Best-selling UK author, Lisa Jewell, doesn’t usually write sequels. But, from the day her 2019 novel The Family Upstairs was published, her social media inboxes filled up with messages from readers begging her for a sequel. She told them no, at first, but then, began to think maybe it could be fun. The result is The Family Remains.
Jacqueline Bublitz won an amazing two Sisters in Crime’s Davitt Awards on 27 August for Before You Knew My Name – Best Debut Book and the Readers’ Choice award. All 169 books in contention competed for this award as decided by the 500+ members of Sisters in Crime. Before You Knew My Name has the unusual distinction of being narrated by a dead woman. She spoke to Karina Kilmore, debut crime writer, journalist, and interviewer for Sisters in Crime Australia, about her novel approach and how she crafted her book.
Seven of Australia’s most popular female crime writers converged on the South Coast in August for a Sisters in Crime two-day writers festival on August 27 and 28. Candice Fox, Vikki Petraitis, Sulari Gentill, Fleur Ferris, Ilsa Evans, Professor Caroline de Costa, and Dorothy Johnston debated all matters crime before 100 people packed into the Cobargo Hall and a live-streamed global audience.
At the age of 17, Lily Arthur was forcibly taken away from the man she loved and planned to marry – for the ‘crime’ of being pregnant. She was incarcerated by the state to work indefinitely in a notorious Magdalene laundry in Brisbane, and her child was given away to strangers. She spent decades seeking justice for the 150,000+ women who had their children taken away. She recounts her struggles in Dirty Laundry.
Entries are now open for the 2023 Victorian Premier’s Literary Awards. Now in its 38th year, the Awards celebrate the country’s finest literary offerings, with prizes for fiction, non-fiction, poetry, drama, writing for young adults, Indigenous writing, and the overall Victorian Prize for Literature, worth an additional $100,000 – the single most valuable literary award in the country. …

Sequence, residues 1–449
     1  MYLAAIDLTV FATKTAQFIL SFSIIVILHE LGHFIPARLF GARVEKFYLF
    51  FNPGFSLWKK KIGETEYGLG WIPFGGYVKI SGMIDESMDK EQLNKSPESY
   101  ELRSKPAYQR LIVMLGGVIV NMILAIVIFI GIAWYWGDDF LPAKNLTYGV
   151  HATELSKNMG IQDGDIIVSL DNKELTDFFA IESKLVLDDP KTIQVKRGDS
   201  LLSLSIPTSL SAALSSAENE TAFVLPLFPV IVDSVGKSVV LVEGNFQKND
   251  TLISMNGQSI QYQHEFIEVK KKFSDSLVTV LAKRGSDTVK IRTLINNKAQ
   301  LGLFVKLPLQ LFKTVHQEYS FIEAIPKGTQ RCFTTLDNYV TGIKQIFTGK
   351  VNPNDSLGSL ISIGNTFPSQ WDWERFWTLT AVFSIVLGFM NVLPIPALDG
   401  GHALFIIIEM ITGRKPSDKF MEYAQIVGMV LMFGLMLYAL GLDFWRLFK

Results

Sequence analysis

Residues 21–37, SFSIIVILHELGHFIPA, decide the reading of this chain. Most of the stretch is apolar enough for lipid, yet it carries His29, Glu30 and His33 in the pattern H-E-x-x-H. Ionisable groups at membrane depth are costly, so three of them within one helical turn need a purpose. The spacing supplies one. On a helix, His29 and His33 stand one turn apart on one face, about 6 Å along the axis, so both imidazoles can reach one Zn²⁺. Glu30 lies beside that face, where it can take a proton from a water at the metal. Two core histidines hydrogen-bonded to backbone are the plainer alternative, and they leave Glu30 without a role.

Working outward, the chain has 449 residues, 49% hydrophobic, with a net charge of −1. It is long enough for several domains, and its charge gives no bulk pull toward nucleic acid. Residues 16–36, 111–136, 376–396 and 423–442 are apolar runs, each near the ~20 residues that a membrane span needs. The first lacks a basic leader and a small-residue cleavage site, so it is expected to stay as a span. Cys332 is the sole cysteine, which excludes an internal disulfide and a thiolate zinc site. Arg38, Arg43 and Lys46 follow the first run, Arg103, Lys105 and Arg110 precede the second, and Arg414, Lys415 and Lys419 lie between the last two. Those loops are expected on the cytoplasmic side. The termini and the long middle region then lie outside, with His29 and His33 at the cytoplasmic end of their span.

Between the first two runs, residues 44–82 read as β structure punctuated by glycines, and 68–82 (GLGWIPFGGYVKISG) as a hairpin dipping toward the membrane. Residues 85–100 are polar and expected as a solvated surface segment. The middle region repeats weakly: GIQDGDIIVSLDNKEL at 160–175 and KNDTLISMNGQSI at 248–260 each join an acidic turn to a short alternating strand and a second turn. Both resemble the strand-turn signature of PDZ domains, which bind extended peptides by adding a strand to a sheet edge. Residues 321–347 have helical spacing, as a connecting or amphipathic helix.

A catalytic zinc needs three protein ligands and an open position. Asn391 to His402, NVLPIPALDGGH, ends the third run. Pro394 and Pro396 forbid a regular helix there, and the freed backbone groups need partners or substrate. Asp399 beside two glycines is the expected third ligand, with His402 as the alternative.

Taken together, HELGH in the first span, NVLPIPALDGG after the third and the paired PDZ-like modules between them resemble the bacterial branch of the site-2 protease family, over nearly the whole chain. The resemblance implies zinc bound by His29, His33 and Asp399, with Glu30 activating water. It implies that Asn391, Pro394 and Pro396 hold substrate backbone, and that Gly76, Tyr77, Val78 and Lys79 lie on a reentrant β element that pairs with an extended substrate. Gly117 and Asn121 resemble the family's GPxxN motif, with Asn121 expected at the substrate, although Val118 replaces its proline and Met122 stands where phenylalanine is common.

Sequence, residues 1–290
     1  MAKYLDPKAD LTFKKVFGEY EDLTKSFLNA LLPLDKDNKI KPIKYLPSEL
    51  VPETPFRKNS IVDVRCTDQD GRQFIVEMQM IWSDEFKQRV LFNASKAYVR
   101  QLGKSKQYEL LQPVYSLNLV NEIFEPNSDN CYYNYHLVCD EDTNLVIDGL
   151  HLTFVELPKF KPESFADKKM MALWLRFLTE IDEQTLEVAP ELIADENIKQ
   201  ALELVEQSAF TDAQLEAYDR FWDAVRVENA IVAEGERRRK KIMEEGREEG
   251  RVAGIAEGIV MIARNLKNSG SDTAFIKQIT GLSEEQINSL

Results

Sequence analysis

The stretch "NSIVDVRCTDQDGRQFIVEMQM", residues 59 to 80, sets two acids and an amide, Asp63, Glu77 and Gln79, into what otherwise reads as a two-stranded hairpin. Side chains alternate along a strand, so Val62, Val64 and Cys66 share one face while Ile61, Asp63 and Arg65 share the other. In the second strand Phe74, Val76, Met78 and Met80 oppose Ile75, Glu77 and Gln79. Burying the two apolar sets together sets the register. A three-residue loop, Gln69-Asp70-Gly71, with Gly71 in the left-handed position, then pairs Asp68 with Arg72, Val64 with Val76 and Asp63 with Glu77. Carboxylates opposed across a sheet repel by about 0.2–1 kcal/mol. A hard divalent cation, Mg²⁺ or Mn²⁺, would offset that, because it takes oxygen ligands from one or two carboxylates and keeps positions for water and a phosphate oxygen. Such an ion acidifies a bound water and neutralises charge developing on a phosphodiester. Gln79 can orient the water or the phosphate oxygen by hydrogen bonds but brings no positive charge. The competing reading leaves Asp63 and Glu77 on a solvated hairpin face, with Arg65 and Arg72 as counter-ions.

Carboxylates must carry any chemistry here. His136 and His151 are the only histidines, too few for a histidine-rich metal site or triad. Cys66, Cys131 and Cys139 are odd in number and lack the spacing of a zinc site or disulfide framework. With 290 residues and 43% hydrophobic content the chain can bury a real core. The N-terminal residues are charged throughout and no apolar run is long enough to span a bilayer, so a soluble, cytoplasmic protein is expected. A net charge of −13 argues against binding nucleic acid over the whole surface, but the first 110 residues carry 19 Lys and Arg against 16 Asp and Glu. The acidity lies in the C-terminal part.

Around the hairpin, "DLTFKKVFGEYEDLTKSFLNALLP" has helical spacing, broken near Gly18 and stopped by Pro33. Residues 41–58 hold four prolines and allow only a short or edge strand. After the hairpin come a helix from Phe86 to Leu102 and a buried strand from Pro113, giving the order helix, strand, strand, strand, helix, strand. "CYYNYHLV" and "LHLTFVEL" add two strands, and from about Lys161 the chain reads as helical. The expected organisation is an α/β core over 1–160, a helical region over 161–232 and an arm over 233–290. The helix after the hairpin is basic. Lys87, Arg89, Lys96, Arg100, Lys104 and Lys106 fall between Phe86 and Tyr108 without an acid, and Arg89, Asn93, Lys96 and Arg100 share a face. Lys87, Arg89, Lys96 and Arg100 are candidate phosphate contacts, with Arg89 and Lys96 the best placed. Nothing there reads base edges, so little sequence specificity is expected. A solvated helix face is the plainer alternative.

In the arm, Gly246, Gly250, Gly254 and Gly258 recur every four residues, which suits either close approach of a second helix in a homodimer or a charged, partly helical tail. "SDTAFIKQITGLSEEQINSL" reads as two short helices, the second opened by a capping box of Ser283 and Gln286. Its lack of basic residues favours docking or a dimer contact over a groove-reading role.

Parminder Nagra (Bend it like Beckham) plays DI Rachita Ray with restraint. She is a detective promoted to Homicide as a token dark person. She has been brought in against the wishes of her bosses. They do not support her. She sucks it up. In her private life, she is equally restrained. I don’t love DI Ray but I want a second series. I want to see her succeed … I want those in charge to be made accountable. Is this misdirected fury at Morrison?
Before You Knew My Name by Jacqueline Bublitz is narrated by a young dead woman in New York. The book has won an amazing two Davitt Awards – for Best Debut and Readers’ Choice, as judged by the 500+ members of Sisters in Crime. Jacqueline splits her time between Melbourne and New Zealand and, luckily for us, crossed the ditch to accept the awards.
S. D. Hinton didn’t know she was dyslexic until she was an adult. She went through school in an era where dyslexia was rarely recognised, and poorly understood, if it was. Sufferers were usually labelled as inattentive or not very bright. That constrictive label, reinforced from prep, became part of who she was. Find out how she put her disability to good use – and how it adds to her creativity.
Debut books in the crime and mystery genre scooped all six awards in Sisters in Crime’s 22nd Davitt Awards on 27 August – Charlotte McConaghy’s Once there Were Wolves; Leanne Hall’s The Gaps; Nicki Greenberg’s The Detective’s Guide to Ocean Travel; Jacqueline Bublitz’s Before You Knew My Name (two awards); and Kate Holden’s, The Winter Road.
Melbourne author, Megan Goldin, has developed an international reputation for her gripping psychological thrillers. All are set in the United States. Here latest thriller. her fourth – Stay Awake – is just out with Michael Joseph. A magazine writer wakes up in the back of a taxi with no idea where she is or how she got there. She soon finds herself on the run for a crime she doesn’t remember committing …